Periodontal disease refers to all pathological manifestations with a multifactorial etiology, which appear as a consequence of interactions between microbial factors (determinants) and those of the host but also possible environmental influences (favorable factors) that affect the supporting periodontium and lead to tissue destruction, the experience of chronic evolution (with periods of activity and inactivity), and the requirement of a complex and long-term treatment [10][11]. It is characterized by gingival inflammation, the formation of periodontal pockets, and the destruction of the periodontal ligament and alveolar bone, as well as by the mobilization of teeth [12].

    2. The Prevention of Periodontal Disease

    In fact, the prevention of periodontal disease is very important, and the best way is to remove its causes, which is the formation of bacterial plaque. Treatment often involves the systemic administration of the free drug, with the effectiveness of the treatment being reduced as the concentration of the active principle decreases rapidly over time to the sub-therapeutic level, when a new dose is required. The trend of recent years in the treatment of this disease has shifted to the local release of antibiotics, antimicrobials, and anti-inflammatory drugs, and this is through the local administration of drug delivery systems. An ideal system of this type consists of a biodegradable, bioadhesive support, based on natural and rarely synthetic polymers, capable of releasing the active principle relatively controlled and for as long as possible. Several types of such systems were investigated to date, such as electrospun fibers, tapes, inserts/implants, films, gels, hydrogels, polymer–drug conjugates, dendrimers, micelles, nanocapsules, micro- and nano-spheres, and particularly micro-/nano-capsules and liposomes.
    Local administration has a number of apparent advantages over the systemic one, directly targeting the affected area, but even in this case repeated doses of the active ingredient are required to maintain a relatively constant concentration of the active ingredient, minimizing systemic side effects [13][14]. The most common formulations for local use in buccal cavity are semi-solid or liquid, especially because they are both easy to administer and borne by the patient. However, the disadvantage is the poor retention in the oral cavity, and, therefore, the achievement of a therapeutic effect is far below the optimal one. As a result, ways have been sought to solve these disadvantages, one of which is the association with polymers [15]. The use of a local system of release of the drug when placed in the periodontal pocket allows—and, therefore, maintains—a high and relatively constant concentration in time of the drug, which is more difficult to remove by salivary secretion and, therefore, cannot be swallowed by the patient, as well as preventing unwanted side effects that the free drug can generate [16].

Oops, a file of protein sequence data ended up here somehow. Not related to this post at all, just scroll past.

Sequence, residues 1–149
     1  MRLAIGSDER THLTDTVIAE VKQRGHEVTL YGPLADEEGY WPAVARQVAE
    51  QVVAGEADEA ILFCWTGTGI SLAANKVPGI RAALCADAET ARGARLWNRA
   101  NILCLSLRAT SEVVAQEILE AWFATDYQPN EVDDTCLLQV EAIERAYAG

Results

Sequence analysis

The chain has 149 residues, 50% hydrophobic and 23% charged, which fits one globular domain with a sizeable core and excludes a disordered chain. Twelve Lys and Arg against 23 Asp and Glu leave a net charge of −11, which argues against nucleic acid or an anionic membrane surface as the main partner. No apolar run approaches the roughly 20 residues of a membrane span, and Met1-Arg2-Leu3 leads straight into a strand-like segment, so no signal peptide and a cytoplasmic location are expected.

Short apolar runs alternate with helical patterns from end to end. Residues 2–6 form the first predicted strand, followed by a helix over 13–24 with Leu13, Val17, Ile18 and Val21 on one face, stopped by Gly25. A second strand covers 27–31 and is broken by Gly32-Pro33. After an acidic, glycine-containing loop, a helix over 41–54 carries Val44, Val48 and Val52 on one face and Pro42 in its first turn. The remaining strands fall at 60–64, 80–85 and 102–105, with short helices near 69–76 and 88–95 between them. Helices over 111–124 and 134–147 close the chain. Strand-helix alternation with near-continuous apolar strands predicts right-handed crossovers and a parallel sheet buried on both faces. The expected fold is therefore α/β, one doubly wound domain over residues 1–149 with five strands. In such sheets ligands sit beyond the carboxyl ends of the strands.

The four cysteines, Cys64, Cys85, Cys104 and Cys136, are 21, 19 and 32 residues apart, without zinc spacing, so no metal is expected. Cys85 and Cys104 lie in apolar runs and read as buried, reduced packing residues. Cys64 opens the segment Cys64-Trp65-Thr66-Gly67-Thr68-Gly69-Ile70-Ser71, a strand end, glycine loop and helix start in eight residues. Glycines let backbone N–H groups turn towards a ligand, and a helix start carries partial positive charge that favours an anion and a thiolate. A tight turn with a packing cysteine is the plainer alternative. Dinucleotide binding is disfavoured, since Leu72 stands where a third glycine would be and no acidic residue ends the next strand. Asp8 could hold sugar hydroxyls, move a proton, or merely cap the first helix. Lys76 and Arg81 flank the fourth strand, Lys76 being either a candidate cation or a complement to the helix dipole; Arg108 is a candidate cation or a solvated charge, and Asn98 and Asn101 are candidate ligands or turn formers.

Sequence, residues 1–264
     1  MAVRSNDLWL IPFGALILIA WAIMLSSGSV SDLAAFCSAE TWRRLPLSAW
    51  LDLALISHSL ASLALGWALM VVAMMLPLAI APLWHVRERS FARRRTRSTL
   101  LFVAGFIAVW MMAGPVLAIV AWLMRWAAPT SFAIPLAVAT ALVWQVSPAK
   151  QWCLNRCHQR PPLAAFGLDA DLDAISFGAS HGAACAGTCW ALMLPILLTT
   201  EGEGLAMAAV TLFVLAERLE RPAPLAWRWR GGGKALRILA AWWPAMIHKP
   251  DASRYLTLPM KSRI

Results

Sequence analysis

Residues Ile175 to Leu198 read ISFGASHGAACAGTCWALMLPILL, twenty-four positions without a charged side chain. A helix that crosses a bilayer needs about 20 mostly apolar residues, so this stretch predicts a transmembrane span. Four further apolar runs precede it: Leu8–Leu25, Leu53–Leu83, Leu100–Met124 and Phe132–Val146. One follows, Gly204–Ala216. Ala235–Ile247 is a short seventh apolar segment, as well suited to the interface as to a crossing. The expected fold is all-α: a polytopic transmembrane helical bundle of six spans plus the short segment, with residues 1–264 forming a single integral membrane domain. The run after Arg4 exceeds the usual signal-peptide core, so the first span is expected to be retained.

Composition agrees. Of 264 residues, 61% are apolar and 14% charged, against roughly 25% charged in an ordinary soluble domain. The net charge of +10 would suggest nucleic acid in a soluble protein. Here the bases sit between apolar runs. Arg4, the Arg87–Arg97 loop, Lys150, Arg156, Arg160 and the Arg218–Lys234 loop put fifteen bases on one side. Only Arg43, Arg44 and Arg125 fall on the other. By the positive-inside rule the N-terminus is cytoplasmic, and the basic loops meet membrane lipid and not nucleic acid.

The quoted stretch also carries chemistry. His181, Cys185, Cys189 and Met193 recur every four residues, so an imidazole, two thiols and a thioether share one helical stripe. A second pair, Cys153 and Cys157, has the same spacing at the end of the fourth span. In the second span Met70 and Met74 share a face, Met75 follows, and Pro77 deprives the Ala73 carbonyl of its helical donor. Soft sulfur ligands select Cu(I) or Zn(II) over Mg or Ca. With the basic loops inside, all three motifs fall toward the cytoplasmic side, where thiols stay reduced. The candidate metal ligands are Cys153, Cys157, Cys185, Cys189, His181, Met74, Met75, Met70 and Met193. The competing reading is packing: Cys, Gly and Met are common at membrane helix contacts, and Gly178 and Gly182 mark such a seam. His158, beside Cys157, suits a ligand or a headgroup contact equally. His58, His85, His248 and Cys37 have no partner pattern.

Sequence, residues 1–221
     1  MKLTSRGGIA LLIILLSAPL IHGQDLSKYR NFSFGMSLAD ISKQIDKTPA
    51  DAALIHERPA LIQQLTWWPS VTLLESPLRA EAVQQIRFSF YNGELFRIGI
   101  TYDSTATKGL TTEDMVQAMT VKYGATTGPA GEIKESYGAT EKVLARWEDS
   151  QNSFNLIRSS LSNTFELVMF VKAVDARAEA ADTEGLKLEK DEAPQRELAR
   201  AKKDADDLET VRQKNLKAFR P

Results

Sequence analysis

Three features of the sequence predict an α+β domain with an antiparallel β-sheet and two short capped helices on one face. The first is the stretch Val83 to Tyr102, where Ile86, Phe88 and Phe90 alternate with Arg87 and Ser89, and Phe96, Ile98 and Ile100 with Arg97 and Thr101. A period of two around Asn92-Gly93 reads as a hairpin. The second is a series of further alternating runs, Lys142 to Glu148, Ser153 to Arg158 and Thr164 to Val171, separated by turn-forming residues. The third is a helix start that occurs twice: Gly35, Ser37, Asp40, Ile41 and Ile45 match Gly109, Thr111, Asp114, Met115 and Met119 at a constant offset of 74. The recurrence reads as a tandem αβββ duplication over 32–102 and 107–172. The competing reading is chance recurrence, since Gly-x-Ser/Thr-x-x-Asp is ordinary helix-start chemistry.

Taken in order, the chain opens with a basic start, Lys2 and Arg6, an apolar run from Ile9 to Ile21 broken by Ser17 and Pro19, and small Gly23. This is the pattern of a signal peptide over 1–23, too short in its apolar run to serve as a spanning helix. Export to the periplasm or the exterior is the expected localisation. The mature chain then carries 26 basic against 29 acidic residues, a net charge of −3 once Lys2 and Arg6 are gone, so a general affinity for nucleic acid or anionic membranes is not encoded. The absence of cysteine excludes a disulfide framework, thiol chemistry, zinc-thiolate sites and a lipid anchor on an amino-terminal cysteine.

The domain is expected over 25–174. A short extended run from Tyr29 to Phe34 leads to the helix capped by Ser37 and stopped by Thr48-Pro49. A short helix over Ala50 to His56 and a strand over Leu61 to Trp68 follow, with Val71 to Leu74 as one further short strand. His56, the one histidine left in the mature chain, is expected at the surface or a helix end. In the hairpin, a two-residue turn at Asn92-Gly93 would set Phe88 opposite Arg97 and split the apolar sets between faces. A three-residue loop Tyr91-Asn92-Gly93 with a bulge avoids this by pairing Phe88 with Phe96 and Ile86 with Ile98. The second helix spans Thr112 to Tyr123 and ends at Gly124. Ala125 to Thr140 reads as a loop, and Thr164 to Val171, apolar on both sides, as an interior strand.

The entry is from 10.3390/molecules26092735

    References

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    14. Sankar, V.; Hearnden, V.; Hull, K.; Juras, D.V.; Greenberg, M.S.; Kerr, A.R.; Lockhart, P.B.; Patton, L.L.; Porter, S.; Thornhill, M. Local drug delivery for oral mucosal diseases. Challenges and opportunities. Oral Dis. 2011, 17, 73–84.
    15. Rata, D.M.; Cadinoiu, A.N.; Burlui, V.; Atanase, L.I. Polysaccharide-based orodental delivery systems. In Polysaccharide Carriers for Drug Delivery; Maiti, S., Jana, S., Eds.; Woodhead Publishing: Sawston, UK, 2019; pp. 685–711.
    16. Rajeshwari, H.R.; Dhamecha, D.; Jagwani, S.; Rao, M.; Jadhav, K.; Shaikh, S.; Puzhankara, L.; Jalalpure, S. Local drug delivery systems in the management of periodontitis: A scientific review. J. Control. Rel. 2019, 307, 393–409.